Egypt's Revolution

Polarizing Candidates Emerge for Egypt's Runoff Election


"Revolution once again" reads over graffiti depicting a chained ballot box being controlled by Egypt's ruling military council at Tahrir Square in Cairo

Photograph by Mahmud Hams/AFP/Getty Images

"Revolution once again" reads over graffiti depicting a chained ballot box being controlled by Egypt's ruling military council at Tahrir Square in Cairo

On Monday, after a first round of voting, Egyptian authorities announced the candidates who will vie to be Egypt’s first president since Hosni Mubarak was deposed in February 2011. One of them endorses violence, considers Hosni Mubarak a role model, and subscribes to the oddly persistent theory that Egyptians are a genetically obedient people, as described in a recent New York Times story. The other candidate is a member of the Muslim Brotherhood.

Neither man was what young liberal revolutionaries had in mind when they demanded a new Egypt. In fact, many observers have called an election between Ahmed Shafiq, a Mubarak crony, and Mohamed Mursi, a conservative Islamist, the most polarizing situation imaginable. They will face each other in the runoff round of voting on June 16th and 17th.

In some ways—and with the benefit of hindsight—this was the most predictable outcome. In a climate of deteriorating security, people cling to parties that promise stability—especially, as some experts point out, when the state-run media has exploited such fears. Mursi’s Brotherhood is the most powerful and organized political group outside the military. While Shafiq represents the loathsome old guard, it’s the only governing force many Egyptians have ever known.

This election amounts to a further indictment of Mubarak’s catastrophic stranglehold on civic and political life, as well as of the chaotic and repressive post-revolutionary transition: Egyptians didn’t have so many good options in 2012. This may be why a surprising number stayed home on election day. Only 46 percent voted in this, Egypt’s first real democratic election, which took place on May 23 and 24. Shafiq and Mursi garnered about 5.5 million votes each in a country of 50 million eligible voters.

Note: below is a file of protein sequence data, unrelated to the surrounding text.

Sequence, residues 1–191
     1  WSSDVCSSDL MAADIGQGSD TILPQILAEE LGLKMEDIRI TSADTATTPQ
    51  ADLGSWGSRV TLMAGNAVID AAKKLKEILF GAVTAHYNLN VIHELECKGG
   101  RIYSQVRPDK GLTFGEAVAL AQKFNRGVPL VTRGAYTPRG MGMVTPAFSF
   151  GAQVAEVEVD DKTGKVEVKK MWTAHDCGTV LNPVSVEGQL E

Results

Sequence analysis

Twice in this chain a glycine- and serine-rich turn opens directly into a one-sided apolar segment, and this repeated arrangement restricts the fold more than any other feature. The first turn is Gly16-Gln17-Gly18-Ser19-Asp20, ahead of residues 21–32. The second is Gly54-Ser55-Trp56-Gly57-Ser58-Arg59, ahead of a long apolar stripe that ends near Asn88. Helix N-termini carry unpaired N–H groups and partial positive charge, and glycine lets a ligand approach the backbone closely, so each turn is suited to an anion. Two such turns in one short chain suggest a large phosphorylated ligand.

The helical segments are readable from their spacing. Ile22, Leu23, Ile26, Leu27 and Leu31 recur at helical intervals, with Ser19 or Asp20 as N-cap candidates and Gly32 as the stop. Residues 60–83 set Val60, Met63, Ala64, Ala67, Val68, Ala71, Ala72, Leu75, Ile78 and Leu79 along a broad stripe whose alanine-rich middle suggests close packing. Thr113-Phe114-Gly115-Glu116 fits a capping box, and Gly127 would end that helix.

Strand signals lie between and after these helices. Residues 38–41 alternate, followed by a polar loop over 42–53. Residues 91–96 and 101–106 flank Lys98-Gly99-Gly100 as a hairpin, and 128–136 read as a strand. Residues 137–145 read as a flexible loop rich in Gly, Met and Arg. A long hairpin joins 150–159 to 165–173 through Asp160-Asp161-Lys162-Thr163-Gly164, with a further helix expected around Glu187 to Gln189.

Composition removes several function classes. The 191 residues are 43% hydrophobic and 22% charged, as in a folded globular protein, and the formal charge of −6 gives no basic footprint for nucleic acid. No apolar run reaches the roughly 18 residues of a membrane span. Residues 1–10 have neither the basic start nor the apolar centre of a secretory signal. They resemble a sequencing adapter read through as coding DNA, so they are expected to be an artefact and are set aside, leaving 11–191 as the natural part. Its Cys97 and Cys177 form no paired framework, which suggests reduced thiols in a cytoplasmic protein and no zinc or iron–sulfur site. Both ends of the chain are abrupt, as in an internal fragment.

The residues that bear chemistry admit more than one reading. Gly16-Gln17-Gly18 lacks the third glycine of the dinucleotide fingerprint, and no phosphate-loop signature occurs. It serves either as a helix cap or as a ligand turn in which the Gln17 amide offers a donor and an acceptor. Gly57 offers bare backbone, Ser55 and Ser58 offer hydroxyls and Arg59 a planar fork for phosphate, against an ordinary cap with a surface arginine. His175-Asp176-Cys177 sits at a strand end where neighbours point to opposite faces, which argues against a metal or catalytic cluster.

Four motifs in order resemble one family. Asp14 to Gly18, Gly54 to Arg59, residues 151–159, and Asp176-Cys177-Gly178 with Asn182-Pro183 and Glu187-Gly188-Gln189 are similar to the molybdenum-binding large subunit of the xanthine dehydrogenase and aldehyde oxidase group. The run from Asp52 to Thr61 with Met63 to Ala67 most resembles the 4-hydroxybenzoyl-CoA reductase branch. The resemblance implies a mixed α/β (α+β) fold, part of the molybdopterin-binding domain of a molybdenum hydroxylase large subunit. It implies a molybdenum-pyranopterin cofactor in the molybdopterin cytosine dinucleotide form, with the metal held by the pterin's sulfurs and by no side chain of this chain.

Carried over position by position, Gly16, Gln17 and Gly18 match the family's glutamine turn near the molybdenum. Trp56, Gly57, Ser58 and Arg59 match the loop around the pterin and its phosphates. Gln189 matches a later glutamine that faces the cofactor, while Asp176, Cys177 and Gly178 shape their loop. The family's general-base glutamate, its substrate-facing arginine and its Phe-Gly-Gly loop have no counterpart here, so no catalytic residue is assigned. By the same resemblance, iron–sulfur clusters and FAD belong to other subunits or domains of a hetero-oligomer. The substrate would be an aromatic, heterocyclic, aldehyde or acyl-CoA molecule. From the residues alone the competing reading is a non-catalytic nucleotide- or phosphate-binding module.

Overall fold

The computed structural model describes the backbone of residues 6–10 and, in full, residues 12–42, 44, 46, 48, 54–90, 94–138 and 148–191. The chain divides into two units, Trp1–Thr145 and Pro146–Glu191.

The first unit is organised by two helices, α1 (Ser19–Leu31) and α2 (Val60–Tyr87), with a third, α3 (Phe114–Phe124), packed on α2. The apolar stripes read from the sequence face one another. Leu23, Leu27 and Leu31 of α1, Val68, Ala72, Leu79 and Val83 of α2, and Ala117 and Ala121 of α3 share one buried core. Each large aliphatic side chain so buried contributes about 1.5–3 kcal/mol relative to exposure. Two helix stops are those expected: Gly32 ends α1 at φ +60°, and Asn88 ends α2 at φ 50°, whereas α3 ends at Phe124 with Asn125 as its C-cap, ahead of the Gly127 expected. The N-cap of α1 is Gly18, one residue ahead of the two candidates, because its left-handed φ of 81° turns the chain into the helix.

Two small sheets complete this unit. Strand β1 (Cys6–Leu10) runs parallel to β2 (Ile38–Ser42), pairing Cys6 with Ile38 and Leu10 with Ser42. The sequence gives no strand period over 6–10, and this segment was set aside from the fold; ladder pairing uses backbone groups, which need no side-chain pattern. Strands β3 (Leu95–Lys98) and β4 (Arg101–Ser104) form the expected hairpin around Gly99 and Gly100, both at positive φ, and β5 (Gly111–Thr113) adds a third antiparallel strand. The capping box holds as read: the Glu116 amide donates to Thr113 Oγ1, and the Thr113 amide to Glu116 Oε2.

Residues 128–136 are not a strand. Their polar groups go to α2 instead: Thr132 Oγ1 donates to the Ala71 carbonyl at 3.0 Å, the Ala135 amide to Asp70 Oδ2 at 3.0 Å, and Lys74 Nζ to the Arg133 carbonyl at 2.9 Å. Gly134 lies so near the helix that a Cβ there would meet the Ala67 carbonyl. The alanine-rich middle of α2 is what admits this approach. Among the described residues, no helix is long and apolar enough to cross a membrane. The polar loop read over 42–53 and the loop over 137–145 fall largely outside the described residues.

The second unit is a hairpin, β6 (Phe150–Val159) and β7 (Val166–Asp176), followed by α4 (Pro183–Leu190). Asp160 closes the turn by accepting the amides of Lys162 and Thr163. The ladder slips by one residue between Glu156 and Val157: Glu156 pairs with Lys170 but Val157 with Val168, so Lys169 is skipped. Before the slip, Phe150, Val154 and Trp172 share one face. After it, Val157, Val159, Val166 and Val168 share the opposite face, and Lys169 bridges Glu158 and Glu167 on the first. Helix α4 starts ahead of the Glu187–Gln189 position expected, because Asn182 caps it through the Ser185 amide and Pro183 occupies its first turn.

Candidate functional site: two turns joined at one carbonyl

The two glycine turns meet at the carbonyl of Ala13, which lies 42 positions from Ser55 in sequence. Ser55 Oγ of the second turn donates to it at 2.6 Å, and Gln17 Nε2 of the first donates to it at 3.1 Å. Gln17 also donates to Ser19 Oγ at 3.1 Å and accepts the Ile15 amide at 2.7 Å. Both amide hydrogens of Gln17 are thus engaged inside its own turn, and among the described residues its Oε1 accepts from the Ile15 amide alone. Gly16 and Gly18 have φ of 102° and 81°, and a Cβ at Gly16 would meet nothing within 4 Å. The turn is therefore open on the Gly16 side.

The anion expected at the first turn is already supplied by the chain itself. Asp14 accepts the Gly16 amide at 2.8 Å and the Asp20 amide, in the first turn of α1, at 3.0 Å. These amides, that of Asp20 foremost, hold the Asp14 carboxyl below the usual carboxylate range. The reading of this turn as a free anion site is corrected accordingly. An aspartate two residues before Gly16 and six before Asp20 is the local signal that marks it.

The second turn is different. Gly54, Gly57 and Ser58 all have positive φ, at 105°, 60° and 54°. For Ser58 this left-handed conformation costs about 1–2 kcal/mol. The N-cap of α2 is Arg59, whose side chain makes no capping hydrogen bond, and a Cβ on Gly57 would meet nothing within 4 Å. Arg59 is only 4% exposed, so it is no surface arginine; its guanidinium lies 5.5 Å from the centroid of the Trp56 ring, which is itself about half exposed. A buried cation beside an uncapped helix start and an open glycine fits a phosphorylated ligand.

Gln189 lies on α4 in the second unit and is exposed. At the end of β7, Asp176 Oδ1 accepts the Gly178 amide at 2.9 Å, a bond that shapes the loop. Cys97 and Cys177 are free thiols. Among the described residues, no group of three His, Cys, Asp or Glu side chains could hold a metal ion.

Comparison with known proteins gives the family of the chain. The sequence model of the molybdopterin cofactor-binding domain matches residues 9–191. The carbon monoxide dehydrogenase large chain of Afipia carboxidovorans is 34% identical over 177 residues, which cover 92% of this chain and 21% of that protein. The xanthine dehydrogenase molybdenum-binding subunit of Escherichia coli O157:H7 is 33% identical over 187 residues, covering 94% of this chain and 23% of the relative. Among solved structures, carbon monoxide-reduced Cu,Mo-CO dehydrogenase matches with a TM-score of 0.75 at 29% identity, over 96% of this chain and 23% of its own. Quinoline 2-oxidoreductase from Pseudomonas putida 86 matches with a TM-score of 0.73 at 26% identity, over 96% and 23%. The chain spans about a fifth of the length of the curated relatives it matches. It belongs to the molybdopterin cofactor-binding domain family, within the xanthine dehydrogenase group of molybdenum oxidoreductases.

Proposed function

In the next weeks, however, each will be desperate to appeal to a wider range of voters. The Brotherhood has struggled since it gained control of Parliament, losing the support of even some of its members after appearing power-hungry and self-serving. During the first phase of this election, Mursi lurched to the right, appealing to conservative Muslim voters with promises of Shariah and stringent family values. The question is whether the Brotherhood’s sleek political machine can convince voters that Mursi will represent the Egyptian people, not just the Muslim Brotherhood. No one really knows how such a calculating and careful opposition group will behave once it is actually in power.

The force the Brotherhood would have to contend with is the military, which learned during the Mubarak years how to demonize Islamists when convenient. Westerners also tend to view Egypt through a secularist vs. Islamist lens. But with the military still maintaining power, the larger issue is whether authoritarianism or real democracy will triumph. Egypt had an apparently free election, but the demands of Egypt’s revolutionaries have not been met. Monday night, amid reports that the election was rigged in Shafiq’s favor, Egyptians set fire to his campaign headquarters. Whoever wins, the new president will inherit a revolution that is ongoing.

Hansen is a Bloomberg Businessweek contributor.

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